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What made a successful (and unsuccessful) LSTF bid? The lessons learnt…
After an interesting week of Local Sustainable Transport Fund (LSTF) announcements, we reflect on some of the key trends emerging from the decision making process and on next steps. Successful bids were high quality bids that demonstrated a coherent package of interventions to help create jobs and cut carbon, with the strong support of local businesses and other partners. Or was it that simple?
The level of funding by region broadly matched population profiles, except in the North West and Yorkshire & The Humber. It is fair to assume that this will be rebalanced through the reward of large project funding in June next year. Whilst the Integrated Transport Authority (ITA) areas had a 100% hit rate, it was a mixed bag for other types of authority, although there was no obvious bias between counties, unitary authorities, and metropolitan districts. As an aside, it was also interesting to observe the presentation of results by the defunct ‘regions’.
Objectives and Evidence
There was a strong bias towards cycling, but demonstration of contribution to the two key objectives of economic growth and cutting carbon was imperative. Bids that neglected connecting people to jobs, and businesses to labour markets were at an immediate disadvantage. Paying attention to jobs and carbon, but not making the buzzwords explicit enough and you ran a similar gauntlet. For the next round, it is essential to show where new jobs are, show where unemployment is - and connect them, with reference to skill levels and employment mix. The strength of the evidence-base in terms of number crunching did little to enhance a bid if the other ingredients weren't in place.
Cycling routes and infrastructure did well, although it needed to be part of a more revenue intensive package. Bids wrapped up in Smarter Choices sparkled. Smart ticketing was also a winner along with new buses, showing Arriva’s positive influence on the judging panel. It wasn’t all good news though. The Department gave a lukewarm response to certain types of measure:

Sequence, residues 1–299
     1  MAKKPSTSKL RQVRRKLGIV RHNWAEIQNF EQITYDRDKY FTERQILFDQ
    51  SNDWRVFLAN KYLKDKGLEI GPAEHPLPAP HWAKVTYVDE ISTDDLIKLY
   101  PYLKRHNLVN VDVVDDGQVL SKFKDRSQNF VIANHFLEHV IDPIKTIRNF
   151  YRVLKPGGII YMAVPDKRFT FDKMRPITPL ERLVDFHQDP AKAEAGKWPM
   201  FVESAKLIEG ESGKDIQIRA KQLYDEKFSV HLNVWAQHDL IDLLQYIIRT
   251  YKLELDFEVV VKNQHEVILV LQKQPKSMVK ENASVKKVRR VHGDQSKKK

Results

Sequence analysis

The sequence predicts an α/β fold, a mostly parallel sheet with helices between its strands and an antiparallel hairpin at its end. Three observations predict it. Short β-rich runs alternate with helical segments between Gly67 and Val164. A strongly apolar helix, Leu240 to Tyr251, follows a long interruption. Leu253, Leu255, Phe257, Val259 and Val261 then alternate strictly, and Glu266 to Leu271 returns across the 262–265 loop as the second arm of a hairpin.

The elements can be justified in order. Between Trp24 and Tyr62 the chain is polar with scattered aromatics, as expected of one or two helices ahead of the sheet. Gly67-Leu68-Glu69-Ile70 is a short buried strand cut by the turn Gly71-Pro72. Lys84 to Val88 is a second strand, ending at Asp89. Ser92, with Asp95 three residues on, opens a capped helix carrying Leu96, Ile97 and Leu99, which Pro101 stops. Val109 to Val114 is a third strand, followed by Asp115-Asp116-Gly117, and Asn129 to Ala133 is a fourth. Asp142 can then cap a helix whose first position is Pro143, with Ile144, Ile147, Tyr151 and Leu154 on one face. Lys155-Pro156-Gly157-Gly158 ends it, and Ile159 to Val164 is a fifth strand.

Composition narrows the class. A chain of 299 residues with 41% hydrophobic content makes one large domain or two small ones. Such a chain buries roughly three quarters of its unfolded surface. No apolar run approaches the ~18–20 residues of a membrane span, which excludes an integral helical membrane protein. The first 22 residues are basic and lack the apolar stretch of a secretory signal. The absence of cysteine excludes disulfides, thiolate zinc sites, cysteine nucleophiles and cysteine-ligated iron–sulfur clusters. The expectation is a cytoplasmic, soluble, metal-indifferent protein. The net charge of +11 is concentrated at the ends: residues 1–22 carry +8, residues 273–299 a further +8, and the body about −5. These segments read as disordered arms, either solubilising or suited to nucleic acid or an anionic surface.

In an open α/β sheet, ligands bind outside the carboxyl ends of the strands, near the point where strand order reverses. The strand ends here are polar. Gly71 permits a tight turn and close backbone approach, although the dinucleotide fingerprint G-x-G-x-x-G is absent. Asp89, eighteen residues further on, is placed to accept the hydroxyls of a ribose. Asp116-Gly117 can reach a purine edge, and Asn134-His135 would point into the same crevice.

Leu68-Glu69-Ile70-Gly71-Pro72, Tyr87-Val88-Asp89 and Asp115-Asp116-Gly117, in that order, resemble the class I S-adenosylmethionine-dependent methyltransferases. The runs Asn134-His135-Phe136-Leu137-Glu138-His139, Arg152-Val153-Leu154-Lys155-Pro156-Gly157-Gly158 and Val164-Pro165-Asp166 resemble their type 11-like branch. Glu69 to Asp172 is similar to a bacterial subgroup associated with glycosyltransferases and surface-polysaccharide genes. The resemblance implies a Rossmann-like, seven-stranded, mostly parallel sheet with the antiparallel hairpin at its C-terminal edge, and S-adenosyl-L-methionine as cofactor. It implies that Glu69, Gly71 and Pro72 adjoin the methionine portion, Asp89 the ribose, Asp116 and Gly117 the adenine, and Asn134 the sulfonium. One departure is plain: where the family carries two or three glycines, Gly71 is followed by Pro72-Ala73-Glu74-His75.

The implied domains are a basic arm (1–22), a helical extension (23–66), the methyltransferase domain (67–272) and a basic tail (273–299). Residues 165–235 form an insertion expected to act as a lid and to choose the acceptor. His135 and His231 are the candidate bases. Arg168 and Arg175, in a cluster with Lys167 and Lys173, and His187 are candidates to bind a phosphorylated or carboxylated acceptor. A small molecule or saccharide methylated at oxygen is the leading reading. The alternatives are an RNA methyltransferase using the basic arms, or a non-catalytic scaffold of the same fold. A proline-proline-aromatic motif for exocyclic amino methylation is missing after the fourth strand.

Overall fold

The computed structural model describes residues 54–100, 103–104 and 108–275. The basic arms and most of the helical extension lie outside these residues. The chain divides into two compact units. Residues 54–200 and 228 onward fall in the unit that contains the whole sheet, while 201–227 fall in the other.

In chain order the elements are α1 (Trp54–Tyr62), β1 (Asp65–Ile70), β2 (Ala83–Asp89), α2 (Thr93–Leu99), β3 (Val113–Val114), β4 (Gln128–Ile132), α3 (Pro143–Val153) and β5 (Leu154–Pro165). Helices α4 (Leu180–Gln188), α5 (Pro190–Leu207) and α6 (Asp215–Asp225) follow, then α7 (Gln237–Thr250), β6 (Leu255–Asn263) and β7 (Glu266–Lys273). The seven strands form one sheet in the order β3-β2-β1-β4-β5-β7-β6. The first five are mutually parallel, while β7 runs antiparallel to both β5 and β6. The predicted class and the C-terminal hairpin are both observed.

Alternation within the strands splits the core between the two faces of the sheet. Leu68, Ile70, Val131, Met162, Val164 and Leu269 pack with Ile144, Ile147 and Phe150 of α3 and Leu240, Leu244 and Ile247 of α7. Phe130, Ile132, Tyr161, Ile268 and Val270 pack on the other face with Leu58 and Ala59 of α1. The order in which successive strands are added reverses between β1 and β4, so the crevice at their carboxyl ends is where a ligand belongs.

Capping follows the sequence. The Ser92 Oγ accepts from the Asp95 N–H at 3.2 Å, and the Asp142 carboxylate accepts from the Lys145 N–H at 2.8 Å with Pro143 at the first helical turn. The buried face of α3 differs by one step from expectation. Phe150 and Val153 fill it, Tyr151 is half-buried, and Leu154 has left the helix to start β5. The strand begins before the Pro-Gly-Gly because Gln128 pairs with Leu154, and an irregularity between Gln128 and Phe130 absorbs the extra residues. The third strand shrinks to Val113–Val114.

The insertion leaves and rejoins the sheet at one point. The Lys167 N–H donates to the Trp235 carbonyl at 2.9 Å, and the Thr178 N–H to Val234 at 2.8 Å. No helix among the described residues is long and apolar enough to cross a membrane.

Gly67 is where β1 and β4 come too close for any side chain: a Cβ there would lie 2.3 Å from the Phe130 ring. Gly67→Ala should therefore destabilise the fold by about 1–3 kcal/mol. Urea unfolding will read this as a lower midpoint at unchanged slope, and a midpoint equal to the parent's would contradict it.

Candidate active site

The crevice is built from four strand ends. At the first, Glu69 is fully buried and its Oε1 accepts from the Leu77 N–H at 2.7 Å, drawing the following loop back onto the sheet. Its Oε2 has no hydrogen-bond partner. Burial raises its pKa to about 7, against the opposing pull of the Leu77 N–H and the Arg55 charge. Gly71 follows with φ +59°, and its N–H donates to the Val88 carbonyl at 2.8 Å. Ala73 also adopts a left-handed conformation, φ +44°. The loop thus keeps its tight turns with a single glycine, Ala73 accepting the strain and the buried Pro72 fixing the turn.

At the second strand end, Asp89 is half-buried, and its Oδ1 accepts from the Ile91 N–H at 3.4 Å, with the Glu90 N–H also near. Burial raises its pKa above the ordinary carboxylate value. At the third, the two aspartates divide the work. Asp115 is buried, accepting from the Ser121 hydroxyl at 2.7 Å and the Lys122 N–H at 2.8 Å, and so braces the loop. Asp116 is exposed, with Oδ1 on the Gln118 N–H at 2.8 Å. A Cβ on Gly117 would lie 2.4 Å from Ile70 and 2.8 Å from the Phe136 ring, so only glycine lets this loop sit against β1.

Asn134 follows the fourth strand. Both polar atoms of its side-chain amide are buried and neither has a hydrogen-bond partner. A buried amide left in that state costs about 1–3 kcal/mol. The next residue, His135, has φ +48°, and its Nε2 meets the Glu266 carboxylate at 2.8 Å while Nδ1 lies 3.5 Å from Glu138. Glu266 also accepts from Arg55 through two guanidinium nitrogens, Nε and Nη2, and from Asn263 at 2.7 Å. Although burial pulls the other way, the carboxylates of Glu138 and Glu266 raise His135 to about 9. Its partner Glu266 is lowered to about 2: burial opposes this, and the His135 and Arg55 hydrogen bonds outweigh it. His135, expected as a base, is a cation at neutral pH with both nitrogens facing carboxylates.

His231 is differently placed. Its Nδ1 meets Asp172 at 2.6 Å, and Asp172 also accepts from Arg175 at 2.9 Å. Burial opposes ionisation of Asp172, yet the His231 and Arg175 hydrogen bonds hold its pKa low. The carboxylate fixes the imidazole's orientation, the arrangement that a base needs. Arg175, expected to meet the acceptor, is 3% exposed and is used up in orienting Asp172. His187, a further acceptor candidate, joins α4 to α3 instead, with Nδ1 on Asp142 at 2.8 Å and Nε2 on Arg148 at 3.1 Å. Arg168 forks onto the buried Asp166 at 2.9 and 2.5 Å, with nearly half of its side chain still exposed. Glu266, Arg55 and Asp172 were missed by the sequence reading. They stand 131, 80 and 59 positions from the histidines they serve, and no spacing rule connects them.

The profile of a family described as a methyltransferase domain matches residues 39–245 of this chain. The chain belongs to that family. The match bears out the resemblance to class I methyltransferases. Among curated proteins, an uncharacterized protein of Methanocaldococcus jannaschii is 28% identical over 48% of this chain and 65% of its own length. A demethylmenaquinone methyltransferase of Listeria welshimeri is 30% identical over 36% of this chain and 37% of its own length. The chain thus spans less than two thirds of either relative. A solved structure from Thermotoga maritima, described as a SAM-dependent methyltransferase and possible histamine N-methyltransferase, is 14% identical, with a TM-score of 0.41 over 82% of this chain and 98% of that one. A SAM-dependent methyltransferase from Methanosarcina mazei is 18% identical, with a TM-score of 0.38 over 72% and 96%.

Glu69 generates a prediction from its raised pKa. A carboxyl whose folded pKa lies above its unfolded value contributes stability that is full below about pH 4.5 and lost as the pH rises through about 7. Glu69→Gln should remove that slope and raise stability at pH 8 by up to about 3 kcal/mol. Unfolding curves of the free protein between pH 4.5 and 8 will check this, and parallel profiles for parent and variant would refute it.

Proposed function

- cycle hire was unsuccessful in counties with only Cambridgeshire getting close with an invitation to resubmit, although unitary authorities fared much better;
- only one out of seven bids for 20mph zones received funding first time round;
- despite recent investment in electric vehicle charging through ‘Plugged-in Places’, over a half of all bids with charging points were rejected; and
- only a third of bids for wayfinding and public realm improvements were successful.
Delivery and Local Support
Almost all Cycle Demonstration Towns and Cities, and Sustainable Travel Demonstration Towns were successful. Being able to demonstrate schemes that were ready for delivery along with a track record in the field was an obvious bonus. Considering Phillip Hammond fought hard for funding in the Comprehensive Spending Review, any LSTF under spend would be a gross embarrassment.
Local support was essential, but a long queue of local businesses and other partners willing to partake did not guarantee success. Could the decision making have been, “if you have so much money around, why do you need LSTF?” Well, obviously it would help, but it does raise an important and final point. All bid authorities have a package of measures they believe are of great importance to their local area and are good to go. Whether successful or not, delivery with the private sector and other local partners has never been more important in local transport than today.
If you would like further information on how Steer Davies Gleave can help you to deliver successful second tranche and large bid project bids, please contact Steven Bishop.